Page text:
Dogs, by nature hungry and curious, can sometimes get themselves into trouble by eating the wrong thing. Veterinarians like Amelia Nuwer have witnessed a fair share of horror stories.
Her emergency room, at the University of Florida Small Animal Hospital, has treated dogs poisoned by all kinds of drugs, both legal and otherwise. These toxic substances include opioids—prescription painkillers, synthetics like fentanyl, and heroin.
While opioid overdoses, which killed more than 47,000 people in the United States in 2017, are considered a human problem, pets can be harmed or killed if owners leave out or don’t properly secure the drugs.
When dogs ingest opioids, a situation Nuwer encounters every few months, they often appear dulled and subdued, or, at worst, comatose.
“They are mentally dull, often with a slow heartbeat, and low blood pressure,” Nuwer says, symptoms mirrored in humans that overdose. The drugs “decrease the heart’s ability to pump out blood... and impair breathing—and that’s inevitably how they can pass away.”
Now, for the first time, researchers have made an effort to measure the impact of opioid poisonings in dogs. In a paper published in PLOS ONE, scientists analyzed calls to a poison control hotline for pets, and found that owners made nearly 600 calls per year, on average, to report accidental ingestion of opioids.
Researchers found 5,162 cases of opioid poisonings in the United States were reported to the Animal Poison Control Center between 2006 and 2014, accounting for nearly three percent of the 190,000 calls relating to canines. The center collected data on dog breeds, ages, and weights. Smaller, younger dogs were more likely to be the subject of calls, says Mohammad Howard-Azzeh, lead author of the study, and a doctoral student in veterinary epidemiology at the University of Guelph.
That’s likely because younger dogs are more curious and physically smaller. Their lower body masses are more susceptible to poisoning.
“Puppies are ‘busy’ and many people do not adequately puppy proof their homes,” says Tina Wismer, senior director of the poison control center, which is run by the American Society for the Prevention of Cruelty to Animals.
The paper found that toy breeds and hounds were most apt to consume drugs, the call records suggest. Furthermore, non-neutered or non-spayed animals were more likely to be the subject of reported poisonings, though researchers aren’t sure why, Howard-Azzeh says. The dog’s sex and reproductive status had no measurable impact on the likelihood of being poisoned.
There is a bright side. Like humans, dogs can be effectively treated for opioid overdoses with naloxone, a drug that reverses the harm by binding to the same receptors as the painkillers. “We can just give them naloxone until they’ve returned to normal,” Nuwer says.
However, each case is unique, and the treatment can be delayed or hampered if pet owners don’t know—or refuse to say—what drug their dog may have ingested. That’s relatively common, Nuwer says, especially in the case of illicit substances.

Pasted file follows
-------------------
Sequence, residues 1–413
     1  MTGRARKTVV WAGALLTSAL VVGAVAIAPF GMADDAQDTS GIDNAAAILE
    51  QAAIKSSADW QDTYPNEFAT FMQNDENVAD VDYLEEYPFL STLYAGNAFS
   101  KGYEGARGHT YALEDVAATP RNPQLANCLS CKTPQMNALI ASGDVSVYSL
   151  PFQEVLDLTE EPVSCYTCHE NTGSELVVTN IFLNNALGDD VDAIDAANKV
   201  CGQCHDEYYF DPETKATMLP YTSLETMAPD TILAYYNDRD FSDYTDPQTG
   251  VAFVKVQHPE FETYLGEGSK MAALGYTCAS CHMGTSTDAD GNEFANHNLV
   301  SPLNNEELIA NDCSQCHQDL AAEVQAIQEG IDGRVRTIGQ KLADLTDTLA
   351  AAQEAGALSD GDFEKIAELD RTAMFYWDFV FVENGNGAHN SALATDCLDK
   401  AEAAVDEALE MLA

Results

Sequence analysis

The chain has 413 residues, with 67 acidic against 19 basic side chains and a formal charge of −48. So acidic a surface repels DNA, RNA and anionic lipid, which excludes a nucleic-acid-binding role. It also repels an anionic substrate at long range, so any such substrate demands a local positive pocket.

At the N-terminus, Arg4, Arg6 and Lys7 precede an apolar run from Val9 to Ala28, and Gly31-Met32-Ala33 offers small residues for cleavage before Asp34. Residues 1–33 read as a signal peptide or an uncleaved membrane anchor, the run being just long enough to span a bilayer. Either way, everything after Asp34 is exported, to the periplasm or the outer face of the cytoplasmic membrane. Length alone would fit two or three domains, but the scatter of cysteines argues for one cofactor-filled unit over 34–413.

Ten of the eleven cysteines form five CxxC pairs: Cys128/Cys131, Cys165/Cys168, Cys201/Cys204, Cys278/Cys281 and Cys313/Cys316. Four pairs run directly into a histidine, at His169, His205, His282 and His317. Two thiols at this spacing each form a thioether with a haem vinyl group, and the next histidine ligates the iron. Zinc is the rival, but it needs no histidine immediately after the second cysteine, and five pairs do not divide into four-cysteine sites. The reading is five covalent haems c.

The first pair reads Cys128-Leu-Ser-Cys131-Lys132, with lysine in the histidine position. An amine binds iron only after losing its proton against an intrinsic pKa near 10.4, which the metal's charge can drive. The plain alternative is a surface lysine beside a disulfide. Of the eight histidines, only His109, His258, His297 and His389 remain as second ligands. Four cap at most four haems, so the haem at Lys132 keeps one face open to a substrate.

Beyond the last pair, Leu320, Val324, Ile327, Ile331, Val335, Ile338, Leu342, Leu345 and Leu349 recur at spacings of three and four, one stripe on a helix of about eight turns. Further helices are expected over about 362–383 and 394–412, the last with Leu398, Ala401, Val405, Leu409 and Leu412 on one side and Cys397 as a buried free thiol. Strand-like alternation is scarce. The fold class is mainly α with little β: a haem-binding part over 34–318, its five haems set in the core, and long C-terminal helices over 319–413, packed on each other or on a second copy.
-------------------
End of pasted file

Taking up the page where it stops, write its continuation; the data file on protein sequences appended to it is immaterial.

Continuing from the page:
“People get afraid, when dogs have got into something [illegal], that we’ll call the authorities,” she says. Veterinarians are not required to report the use of illegal drugs, and usually will not unless the person seems at risk of harming themselves or others, she adds. “In reality our goal is to treat and save animals, not to report humans for doing drugs.”
Besides opioids, other problematic drugs ingested by dogs include over-the-counter painkillers like ibuprofen and acetaminophen, which can respectively cause kidney and liver damage. Heart medications, antidepressants, and ADHD medications, are also typical toxicants.
Chocolate, which is toxic to dogs, is the most common food connected to poisoning calls, and is generally treated by induced vomiting.
The paper found that the number of calls mirrored the number of human prescriptions, both nationally and locally. In counties with higher numbers of prescriptions, the study authors predictably found more calls. The amount of calls to the poison control center peaked in 2008, and then slightly declined, mirroring the trend with human prescriptions, which have also decreased since 2010.
In the past four years, the average number of calls has dipped below 500, according to data provided to National Geographic by Wismer. That’s considerably lower than the mean for the previous decade. The number of opioid-related calls in 2015 and 2018 was 432 and 483, respectively, lower than any year since before the study began in 2006.
But opioids use overall is not down. Since 2010, illicit use has increased, with deadly consequences for humans. So far, the authors haven’t seen a corresponding rise in dog poisonings, perhaps because illegal opioids are used shortly after purchasing, and are generally less accessible to dogs than prescription pills, which are kept around longer, according to the study.
Luckily, most poisonings can be prevented, says Carolyn Martinko, a veterinary doctoral student at Guelph who wasn’t involved in the research, “by increasing public awareness of the issue, by reminding dog owners to keep opioids in a secure spot in the home away from pets and children; and by informing dog owners to consult a veterinarian before giving their pet a medication that was not prescribed to it.”
If the worst happens, and your dog eats something it shouldn’t, “don’t be afraid to tell the vet,” Nuwer says.